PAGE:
In the UK I rarely used conditioner, my hair just didn't need it. But under the harsher sun here I've found I've needed it, which just adds to the trial and error process.

So when once again I was finding my scalp was not happy with the latest combination of products I decided to try something new. Well, something old really. I'd heard of homemade rosemary hair rinses before but it was only after reading Wendyl Nissen's book The Home Companion lately that I decided to give it a go - the basic instructions are here, the book recipe is a bit different, 2/3rds boiling water and after 24hrs add 1/3rd cider vinegar. I haven't been bothering to store it in the fridge (partly because there is seldom space in there!) the bottom of my wardrobe seems to be cool and dark enough.

So far so good - if I use the rinse plus shampoo once a week and just the rinse on wet hair after a shower once extra between washes my hair is soft, clean and shiny and more importantly my scalp is happy! With summer coming on it remains to be seen whether I'll still need to condition my hair occassionally too. A handy bonus is that I use far less water when washing my hair without conditioning it as it used to take me ages to rinse it all out properly - given how often we have water shortages around here this is definitely a Good Thing.

Due to our rosemary bush not being very big I've been using a mixture of rosemary and our more plentiful lavender, and with the latest batch threw in a sprig of mint too after reading this, if there is one thing we have loads of in our garden it is mint!

I'm enjoying finding another ways to use the produce in our garden. Okay so I'm hardly a big consumer of hair products so it isn't going to make a big difference financially nor in terms of packaging etc (especially as I buy eco-friendly products anyway!), but it is another of those small steps. If it encourages others to have a go then great, that is why I've blogged about it! But for me it is part of a longer journey towards reducing my footprint on the earth and working towards a more sustainable future.

ps whilst I wash/wet my hair in the shower I use the rinse at the sink, put the plug in and pour it over my head and use a cup to repeat this until all my hair and scalp is rinsed.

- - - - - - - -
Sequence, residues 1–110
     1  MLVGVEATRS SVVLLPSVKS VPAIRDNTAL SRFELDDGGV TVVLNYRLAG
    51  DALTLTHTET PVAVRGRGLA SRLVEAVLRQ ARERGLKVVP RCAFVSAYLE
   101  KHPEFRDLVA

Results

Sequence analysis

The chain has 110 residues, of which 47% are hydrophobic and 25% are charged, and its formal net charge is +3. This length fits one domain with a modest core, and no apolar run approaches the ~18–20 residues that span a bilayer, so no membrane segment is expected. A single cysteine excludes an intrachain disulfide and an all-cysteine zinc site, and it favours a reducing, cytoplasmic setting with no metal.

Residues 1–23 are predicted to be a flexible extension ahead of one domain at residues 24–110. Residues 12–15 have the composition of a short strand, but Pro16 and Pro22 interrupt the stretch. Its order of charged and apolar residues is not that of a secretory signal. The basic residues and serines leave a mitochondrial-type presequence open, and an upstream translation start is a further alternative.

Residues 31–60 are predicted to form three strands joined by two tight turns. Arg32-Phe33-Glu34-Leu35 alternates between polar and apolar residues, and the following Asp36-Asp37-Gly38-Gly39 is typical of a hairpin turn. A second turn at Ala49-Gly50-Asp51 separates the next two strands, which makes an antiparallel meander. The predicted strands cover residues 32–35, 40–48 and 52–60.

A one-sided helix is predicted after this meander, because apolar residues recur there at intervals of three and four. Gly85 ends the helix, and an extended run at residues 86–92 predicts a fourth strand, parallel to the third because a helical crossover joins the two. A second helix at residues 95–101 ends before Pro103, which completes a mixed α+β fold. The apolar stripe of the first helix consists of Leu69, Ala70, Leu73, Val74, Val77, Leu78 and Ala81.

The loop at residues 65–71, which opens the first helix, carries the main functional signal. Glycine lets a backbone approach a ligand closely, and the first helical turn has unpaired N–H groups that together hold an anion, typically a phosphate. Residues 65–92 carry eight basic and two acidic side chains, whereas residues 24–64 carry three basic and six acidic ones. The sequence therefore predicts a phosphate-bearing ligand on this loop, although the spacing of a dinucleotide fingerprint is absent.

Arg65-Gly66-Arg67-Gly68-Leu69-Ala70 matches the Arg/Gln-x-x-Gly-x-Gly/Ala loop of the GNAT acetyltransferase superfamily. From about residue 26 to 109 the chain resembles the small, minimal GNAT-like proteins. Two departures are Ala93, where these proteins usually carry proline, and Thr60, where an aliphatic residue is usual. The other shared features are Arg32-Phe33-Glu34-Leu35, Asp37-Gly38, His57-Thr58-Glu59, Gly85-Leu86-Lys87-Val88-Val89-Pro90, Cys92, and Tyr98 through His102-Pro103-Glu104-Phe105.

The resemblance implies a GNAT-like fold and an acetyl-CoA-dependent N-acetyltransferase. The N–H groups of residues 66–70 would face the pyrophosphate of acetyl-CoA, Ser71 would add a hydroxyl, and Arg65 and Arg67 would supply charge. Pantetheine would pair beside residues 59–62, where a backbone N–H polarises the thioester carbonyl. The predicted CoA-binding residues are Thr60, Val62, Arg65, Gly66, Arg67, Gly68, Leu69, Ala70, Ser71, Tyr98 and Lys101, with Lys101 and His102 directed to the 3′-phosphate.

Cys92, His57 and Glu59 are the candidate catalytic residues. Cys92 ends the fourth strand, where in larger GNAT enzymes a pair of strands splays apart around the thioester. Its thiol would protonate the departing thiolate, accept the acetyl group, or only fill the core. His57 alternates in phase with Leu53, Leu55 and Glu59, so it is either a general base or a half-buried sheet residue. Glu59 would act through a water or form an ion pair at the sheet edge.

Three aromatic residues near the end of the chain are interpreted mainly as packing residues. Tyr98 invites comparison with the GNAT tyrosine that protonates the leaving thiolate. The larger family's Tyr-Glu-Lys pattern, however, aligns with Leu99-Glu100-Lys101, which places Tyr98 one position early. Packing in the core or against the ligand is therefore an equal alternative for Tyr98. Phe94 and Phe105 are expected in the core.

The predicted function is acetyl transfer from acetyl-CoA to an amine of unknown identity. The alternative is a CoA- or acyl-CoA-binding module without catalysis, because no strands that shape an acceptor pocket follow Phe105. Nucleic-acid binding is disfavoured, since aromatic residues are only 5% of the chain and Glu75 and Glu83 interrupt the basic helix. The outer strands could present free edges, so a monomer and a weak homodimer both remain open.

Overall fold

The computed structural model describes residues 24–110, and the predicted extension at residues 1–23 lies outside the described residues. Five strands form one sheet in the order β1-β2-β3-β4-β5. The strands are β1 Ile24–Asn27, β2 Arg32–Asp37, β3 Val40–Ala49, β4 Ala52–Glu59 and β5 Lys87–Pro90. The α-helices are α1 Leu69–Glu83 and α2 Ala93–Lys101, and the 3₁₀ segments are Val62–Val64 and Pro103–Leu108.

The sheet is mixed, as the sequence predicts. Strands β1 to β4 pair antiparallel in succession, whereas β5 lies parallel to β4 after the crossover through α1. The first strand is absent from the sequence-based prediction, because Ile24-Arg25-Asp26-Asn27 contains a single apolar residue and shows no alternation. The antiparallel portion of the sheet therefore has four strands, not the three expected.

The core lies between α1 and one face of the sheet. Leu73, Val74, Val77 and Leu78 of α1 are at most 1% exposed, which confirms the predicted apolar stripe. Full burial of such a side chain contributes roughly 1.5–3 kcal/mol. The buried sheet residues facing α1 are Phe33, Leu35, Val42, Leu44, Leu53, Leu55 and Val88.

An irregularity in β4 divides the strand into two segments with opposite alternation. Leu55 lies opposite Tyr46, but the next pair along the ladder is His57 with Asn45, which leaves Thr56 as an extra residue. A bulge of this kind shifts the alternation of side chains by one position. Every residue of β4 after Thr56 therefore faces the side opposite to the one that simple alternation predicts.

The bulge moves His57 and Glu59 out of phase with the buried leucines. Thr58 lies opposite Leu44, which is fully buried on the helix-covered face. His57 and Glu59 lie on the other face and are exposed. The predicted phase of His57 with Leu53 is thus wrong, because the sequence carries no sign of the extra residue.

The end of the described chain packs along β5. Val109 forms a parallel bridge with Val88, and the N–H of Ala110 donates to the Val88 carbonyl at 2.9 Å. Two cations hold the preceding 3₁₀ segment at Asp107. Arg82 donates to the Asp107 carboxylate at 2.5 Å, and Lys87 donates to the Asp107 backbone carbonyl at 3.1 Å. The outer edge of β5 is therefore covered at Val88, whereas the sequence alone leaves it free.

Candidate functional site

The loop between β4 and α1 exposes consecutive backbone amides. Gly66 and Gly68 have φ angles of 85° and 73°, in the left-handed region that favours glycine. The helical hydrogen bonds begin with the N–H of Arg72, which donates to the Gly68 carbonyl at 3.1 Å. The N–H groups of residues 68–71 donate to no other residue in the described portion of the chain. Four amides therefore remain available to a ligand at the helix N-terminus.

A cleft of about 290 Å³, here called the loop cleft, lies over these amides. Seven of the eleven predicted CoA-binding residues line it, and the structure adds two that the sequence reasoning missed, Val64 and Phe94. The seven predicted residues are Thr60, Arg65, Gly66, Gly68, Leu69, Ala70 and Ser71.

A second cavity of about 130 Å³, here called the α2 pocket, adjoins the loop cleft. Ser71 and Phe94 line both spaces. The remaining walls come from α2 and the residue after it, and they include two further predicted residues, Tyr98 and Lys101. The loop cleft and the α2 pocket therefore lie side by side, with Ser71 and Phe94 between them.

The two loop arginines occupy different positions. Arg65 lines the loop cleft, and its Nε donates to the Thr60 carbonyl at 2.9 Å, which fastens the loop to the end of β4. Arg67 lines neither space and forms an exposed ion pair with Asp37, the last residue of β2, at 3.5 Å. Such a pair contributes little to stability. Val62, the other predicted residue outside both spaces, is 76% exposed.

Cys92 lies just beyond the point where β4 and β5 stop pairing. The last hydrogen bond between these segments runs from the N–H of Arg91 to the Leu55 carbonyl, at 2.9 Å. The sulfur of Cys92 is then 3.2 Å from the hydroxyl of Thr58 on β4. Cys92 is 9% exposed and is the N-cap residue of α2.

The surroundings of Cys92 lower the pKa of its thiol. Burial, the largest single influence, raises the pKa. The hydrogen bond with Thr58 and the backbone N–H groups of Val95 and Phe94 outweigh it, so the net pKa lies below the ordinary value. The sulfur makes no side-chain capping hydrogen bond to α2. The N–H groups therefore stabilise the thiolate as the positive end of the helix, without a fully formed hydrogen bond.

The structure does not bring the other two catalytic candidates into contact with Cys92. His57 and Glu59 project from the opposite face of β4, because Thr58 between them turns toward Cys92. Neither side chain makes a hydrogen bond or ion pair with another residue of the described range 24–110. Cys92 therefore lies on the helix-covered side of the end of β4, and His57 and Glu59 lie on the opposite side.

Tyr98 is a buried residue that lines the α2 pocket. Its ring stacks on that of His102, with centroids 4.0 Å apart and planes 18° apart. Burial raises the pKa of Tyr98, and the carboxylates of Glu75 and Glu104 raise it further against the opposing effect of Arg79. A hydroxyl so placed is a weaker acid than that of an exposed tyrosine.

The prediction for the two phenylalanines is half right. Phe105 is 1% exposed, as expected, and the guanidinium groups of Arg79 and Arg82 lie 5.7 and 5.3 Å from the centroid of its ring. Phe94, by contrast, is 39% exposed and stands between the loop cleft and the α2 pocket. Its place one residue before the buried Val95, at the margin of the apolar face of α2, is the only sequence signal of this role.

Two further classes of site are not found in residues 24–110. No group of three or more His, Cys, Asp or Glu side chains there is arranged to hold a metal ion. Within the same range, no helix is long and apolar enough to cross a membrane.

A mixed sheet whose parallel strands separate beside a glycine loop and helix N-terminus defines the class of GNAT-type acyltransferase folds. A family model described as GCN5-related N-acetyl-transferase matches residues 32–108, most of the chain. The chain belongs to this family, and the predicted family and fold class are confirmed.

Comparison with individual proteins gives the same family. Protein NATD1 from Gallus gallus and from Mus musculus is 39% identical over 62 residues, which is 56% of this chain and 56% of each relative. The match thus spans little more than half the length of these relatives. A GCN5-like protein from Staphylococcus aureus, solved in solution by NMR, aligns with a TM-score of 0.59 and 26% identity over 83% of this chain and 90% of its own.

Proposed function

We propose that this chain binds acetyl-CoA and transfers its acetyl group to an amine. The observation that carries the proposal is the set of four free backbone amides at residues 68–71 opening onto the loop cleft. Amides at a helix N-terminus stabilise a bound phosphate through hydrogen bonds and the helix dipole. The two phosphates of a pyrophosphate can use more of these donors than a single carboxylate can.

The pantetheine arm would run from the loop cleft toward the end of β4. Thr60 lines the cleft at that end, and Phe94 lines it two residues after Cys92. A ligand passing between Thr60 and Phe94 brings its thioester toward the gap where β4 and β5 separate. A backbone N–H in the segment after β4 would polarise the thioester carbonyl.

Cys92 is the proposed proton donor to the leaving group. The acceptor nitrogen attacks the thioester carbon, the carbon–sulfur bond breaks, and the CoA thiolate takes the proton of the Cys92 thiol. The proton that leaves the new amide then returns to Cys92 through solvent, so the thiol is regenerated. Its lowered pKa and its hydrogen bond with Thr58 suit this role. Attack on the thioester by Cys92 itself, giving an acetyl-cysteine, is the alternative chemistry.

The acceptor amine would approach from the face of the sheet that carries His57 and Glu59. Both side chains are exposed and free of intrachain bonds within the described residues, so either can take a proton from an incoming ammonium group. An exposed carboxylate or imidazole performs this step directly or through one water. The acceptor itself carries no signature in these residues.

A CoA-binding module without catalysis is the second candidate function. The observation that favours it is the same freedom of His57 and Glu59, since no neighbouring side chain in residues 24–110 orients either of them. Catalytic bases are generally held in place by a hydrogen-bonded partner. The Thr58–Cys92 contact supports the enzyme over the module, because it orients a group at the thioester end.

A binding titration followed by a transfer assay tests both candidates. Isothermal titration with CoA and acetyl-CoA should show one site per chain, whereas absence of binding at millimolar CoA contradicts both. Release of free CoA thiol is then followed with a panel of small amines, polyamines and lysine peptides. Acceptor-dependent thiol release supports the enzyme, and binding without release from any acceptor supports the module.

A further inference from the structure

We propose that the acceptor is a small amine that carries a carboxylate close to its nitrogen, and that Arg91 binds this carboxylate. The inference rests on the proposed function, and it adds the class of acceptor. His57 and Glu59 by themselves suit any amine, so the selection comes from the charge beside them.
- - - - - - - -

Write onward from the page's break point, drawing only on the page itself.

Saturday, November 24, 2012

marking time

Today was the annual end of year social get-together for the local genealogical society. Unlike last year where it teemed with rain and the venue of the croquet club would have been better for water polo given we had to paddle in and wade out, we had glorious sunshine and blue skies.

That was but one of the noticeable differences between the two events. Last year I was still very much the newbie, even though I'd been going for half the year I was still the 'new girl' and stood out as being both new and considerably younger than everyone else. This year I was still the youngest by over a decade but that was an improvement by at least half, and there were a good number of new members along who had joined through this year.

Before we ate our fabulous picnic spread we had grace, a moment when many of us felt again the passing of our dear friend Joyce who usually rose to such occassions. Given we're a group that spends our time researching and discussing the dead it has still been a tough year with the passing of several members and members spouses - the idea of adding to your family tree is not intended to be via your own death certificate. It does seem to be predominantly a retirement hobby though so I guess it is only to be expected.

We met this year at Butler Point, the Whaling Museum itself was closed for refurbishment but we had a fascinating talk from Jan Ferguson and a guided tour of the homestead and grounds. Such a beautiful spot, so tranquil... such a difference from what it must have been like in the 1800s. It was hard to imagine the place reeking of rendered whale oil and the Mangonui harbour so full of ships you could walk from the Point to the township across the decks of the boats. The homestead is restored to how it would have been in the time of the first residents, William & Eliza Butler and their family. For me it was reminiscent of the Colne Valley Museum, Beamish and other such places of my childhood.

Various items in the room settings were familiar for having been functioning parts of our own childhoods yes, even mine - although admittedly the tin bath at Granny's was for playing in in the summer rather than bathing! However I was the one who explained to the guide why the cooking range seemed so low - you try lifting a cast iron cauldron pot off something waist high when it is empty, let alone full of simmering stew, then you'll understand why the 'stove' was only knee high! But I'm probably one of the last generations to have grown up with a lot of those things around them, even if they were consigned to the coal shed like Granny's mangle, so museums like this become even more important to remind people of our past. Not only to see and appreciate how life has changed, but also to help us envision how to manage with lower levels of technology and find new ways of moving forward that neither rely on plugging everything in to electricity nor winding the clock back 150 years.

Other benchmarks of the passage of time there are some amazing pohutukawa trees, one thought to be about 1,000yrs old. Their knotted and twisted branches mean they are no use as timber and their wood isn't that great for burning so they've tended to survive the ravages of early European settlement far better than the much more versatile kauri and rimu, but these were far more impressive than any others I've seen here.